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The mainstream parties have been fretting about the possibility that the British National Party will score big gain...
The mainstream parties have been fretting about the possibility that the British National Party will score big gains in next Thursday's local elections. The BNP has a slate of 40 candidates in Birmingham and have 10-plus standing in Sunderland, Bradford, Kirklees, Leeds, Wakefield, Barnsley and Barking & Dagenham. Concentrations of Muslims and immigrants, in particular, are being used as trigger issues.

But the biggest cause for concern was Barking MP Margaret Hodge's statement that eight out of 10 white people in her east London constituency may vote for the far-right. This week, the Joseph Rowntree Charitable Trust has published academic research which supports Mrs Hodge's contention that in some areas a significant number will consider voting BNP (LGC, 13 April).

It is difficult, a week before polling day, to know whether this particular BNP scare is real or not. In previous years, British voters have proved resistant to extremist parties even when the far-right has been making inroads in countries such as France, the Netherlands and Italy. However, pollsters have latterly started to ask new questions, along the lines of 'would you ever consider voting BNP?'. The results are certainly alarming when compared with the more normal 'will you vote BNP in the next election?'.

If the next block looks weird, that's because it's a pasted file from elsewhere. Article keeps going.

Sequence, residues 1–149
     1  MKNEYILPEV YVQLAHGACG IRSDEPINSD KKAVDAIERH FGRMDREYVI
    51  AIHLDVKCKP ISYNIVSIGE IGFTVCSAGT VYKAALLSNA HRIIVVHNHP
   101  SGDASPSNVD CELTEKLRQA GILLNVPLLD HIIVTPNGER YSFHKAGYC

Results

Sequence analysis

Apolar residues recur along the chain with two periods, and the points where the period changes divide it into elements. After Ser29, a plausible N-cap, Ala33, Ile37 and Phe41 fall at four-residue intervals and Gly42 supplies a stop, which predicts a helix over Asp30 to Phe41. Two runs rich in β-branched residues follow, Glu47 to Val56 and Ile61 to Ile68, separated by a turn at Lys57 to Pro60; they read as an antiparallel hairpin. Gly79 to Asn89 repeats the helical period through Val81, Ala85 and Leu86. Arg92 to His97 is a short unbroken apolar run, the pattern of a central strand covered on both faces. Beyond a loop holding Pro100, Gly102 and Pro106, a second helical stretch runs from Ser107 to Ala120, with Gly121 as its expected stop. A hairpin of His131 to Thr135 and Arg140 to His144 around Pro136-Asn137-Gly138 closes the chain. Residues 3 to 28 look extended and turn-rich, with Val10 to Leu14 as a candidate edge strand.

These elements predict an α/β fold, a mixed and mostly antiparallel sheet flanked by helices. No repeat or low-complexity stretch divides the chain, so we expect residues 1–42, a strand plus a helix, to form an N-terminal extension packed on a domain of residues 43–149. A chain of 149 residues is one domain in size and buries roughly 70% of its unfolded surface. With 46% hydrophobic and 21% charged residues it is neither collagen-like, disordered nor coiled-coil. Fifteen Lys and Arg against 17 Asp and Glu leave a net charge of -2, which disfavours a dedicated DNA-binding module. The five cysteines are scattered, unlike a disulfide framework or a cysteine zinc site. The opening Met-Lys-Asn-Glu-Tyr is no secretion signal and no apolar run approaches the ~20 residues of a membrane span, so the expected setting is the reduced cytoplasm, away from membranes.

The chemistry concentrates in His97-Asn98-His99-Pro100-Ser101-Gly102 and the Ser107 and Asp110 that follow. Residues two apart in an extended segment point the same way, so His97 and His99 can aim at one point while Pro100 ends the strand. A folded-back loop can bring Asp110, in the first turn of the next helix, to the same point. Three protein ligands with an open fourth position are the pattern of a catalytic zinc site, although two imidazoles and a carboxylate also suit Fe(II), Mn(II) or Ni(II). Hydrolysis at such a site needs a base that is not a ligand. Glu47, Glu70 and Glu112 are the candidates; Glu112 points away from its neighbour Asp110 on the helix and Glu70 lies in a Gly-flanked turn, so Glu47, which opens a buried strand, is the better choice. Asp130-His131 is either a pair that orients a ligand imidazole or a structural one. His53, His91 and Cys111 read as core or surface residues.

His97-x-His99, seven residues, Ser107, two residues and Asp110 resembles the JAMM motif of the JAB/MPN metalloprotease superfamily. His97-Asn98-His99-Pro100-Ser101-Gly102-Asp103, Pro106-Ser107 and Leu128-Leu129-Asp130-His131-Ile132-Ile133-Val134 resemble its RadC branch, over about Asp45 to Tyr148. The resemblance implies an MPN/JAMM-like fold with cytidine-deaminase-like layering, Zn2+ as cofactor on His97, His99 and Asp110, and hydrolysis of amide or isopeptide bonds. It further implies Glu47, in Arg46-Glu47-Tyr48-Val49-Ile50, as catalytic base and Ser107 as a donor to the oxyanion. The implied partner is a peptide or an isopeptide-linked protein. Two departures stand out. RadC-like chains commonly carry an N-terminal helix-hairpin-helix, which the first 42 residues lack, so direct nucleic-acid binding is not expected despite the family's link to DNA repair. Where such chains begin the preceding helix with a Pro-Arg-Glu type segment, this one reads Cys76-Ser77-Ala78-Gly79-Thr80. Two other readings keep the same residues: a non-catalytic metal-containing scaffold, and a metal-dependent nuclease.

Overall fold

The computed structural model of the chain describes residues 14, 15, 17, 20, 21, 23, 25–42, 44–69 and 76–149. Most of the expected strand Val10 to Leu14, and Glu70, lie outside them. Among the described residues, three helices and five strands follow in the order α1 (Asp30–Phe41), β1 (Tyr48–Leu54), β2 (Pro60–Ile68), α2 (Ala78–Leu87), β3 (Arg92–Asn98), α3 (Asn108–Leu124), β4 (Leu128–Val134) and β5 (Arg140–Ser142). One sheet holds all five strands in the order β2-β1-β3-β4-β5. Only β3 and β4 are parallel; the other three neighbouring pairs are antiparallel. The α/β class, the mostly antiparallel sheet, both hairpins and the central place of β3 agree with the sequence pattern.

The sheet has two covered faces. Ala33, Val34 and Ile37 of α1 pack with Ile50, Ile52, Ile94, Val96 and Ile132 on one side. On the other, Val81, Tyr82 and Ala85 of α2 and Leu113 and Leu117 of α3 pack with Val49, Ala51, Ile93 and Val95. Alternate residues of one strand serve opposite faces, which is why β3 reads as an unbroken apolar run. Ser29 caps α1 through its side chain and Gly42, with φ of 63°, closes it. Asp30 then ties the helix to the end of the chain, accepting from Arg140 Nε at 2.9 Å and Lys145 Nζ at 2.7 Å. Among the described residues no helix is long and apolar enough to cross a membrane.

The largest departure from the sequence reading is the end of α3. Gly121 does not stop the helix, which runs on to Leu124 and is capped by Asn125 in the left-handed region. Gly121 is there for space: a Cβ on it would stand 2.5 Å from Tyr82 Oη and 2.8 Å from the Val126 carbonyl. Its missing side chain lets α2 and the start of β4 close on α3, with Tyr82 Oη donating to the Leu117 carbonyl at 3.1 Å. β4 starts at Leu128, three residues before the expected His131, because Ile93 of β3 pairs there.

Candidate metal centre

The BNP has seen its opportunity in parts of urban England with significant and poorer white populations. During the past decade, established minorities have been joined by large numbers of new migrants. The BNP has identified enclaves of immigrant and/or minority residents close to poorer white communities

as places to organise.

The key to BNP success appears to derive from the party's capacity to exploit fears about local services. Their argument goes along the line: 'we can't send our children to the school we want there are lots of immigrants in the local school therefore, immigrants are taking our school places'. Ditto local health facilities. The perception of migrants 'queue-jumping' to be given social housing is even stronger.

New migrants and established minority populations still tend to be concentrated in a small number of authorities. It is at this local level the greatest degree of political management is needed. National politicians with responsibility for immigration and asylum are not the ones who must then manage its local consequences. Resources to underpin the consequences of immigration have rarely matched the scale of recent settlement.

Moreover, the political class has yet to find a sensible way of approaching the BNP. Calling potential supporters 'racists' is not much of a strategy. In politics, argument and debate are the only way to achieve democratic change. The BNP must be confronted and defeated at the local level. Next week will show us how great the challenge really is.

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